Otherwise, looks like you're on the right track. Can't imagine why you stated at one point that the answer is zero ...

If this is the setup, then the magnetic flux through the ring is always zero.

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## 1. What is a time-dependent potential difference?

A time-dependent potential difference refers to a changing or varying potential difference between two points in an electric circuit over a period of time. This can be caused by a changing magnetic field or varying current in the circuit.

## 2. How is a time-dependent potential difference measured?

A time-dependent potential difference can be measured using a voltmeter, which is a device that measures the potential difference between two points in a circuit. The voltmeter should be connected in parallel to the circuit to accurately measure the potential difference.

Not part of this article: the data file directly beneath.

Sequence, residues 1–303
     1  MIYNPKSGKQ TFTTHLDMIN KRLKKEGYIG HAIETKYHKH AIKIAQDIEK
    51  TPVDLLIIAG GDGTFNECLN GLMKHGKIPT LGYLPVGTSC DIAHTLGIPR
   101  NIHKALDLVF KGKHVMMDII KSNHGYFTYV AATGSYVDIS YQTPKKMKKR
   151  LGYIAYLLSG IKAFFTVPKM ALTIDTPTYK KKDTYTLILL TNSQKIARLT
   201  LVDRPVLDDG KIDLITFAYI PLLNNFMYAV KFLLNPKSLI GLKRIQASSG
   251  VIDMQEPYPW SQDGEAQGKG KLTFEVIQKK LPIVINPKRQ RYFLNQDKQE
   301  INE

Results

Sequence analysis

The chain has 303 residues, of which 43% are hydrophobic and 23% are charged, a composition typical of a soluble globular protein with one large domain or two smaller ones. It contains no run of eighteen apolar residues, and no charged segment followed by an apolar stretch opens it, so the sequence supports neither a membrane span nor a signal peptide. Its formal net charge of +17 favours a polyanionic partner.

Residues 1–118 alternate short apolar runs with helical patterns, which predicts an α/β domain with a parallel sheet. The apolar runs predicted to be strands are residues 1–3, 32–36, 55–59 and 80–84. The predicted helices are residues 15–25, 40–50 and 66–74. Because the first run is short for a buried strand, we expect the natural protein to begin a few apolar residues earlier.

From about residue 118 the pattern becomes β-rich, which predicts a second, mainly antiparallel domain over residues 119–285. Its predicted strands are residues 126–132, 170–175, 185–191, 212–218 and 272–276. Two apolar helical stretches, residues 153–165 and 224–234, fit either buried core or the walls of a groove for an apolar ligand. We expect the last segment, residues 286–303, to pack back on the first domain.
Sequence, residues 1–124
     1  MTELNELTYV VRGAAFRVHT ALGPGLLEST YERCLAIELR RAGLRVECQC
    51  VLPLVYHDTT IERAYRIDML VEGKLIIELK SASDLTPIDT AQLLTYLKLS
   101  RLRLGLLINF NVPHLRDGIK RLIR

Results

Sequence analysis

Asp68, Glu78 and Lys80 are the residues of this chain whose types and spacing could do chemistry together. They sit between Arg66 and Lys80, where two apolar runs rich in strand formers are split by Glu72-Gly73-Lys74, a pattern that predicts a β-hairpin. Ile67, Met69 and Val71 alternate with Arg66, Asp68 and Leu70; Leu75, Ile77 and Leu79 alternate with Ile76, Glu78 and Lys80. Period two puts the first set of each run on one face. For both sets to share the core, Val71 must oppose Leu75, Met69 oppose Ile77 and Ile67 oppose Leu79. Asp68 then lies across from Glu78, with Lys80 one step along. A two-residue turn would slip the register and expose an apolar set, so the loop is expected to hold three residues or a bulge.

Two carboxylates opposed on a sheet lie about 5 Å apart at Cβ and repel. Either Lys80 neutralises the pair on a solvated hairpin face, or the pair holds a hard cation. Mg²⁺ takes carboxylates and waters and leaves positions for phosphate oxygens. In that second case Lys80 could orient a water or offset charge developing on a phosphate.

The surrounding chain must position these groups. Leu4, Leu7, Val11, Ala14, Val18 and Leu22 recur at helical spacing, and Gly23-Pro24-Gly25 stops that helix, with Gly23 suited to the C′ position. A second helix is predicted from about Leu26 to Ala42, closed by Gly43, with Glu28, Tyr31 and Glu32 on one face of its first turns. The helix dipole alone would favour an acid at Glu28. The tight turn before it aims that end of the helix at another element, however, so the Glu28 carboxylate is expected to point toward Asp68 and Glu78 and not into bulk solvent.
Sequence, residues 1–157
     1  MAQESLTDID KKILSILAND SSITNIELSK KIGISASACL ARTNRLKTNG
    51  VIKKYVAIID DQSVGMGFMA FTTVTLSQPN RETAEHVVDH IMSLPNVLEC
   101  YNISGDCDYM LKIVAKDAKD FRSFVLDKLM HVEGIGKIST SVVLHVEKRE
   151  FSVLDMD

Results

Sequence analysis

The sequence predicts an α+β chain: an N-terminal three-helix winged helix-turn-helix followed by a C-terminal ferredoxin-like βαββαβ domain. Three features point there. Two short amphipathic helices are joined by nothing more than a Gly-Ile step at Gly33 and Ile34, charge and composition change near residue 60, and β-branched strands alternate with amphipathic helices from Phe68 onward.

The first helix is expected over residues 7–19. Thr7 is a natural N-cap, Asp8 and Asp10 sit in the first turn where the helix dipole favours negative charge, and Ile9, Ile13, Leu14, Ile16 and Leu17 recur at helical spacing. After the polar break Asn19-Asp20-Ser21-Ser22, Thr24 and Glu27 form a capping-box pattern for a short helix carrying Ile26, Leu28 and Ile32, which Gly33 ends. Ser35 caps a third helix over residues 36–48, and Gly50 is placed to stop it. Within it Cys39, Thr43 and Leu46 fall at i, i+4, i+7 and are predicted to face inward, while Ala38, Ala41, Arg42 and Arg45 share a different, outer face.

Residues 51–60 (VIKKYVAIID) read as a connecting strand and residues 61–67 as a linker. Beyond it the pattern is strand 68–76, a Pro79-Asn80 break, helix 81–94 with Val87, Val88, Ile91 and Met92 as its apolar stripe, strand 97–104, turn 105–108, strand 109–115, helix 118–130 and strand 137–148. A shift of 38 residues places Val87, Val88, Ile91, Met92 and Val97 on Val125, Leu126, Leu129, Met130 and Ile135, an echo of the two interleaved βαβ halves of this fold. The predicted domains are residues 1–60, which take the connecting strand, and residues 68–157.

## 3. What is the significance of a time-dependent potential difference?

A time-dependent potential difference is significant in understanding the behavior of electric circuits and the flow of electricity. It can also be used to measure the rate of change of current and to study the effects of changing magnetic fields on a circuit.

## 4. How does a time-dependent potential difference affect the flow of electricity?

A time-dependent potential difference can cause a changing current in a circuit, as the potential difference is what drives the flow of electricity. A varying potential difference can also cause changes in the direction and magnitude of the current in the circuit.

## 5. How does a time-dependent potential difference relate to Faraday's Law?

A time-dependent potential difference is a key concept in Faraday's Law, which states that a changing magnetic field can induce an electromotive force (EMF) and a resulting potential difference in a conductor. This potential difference is time-dependent and can be measured using a voltmeter.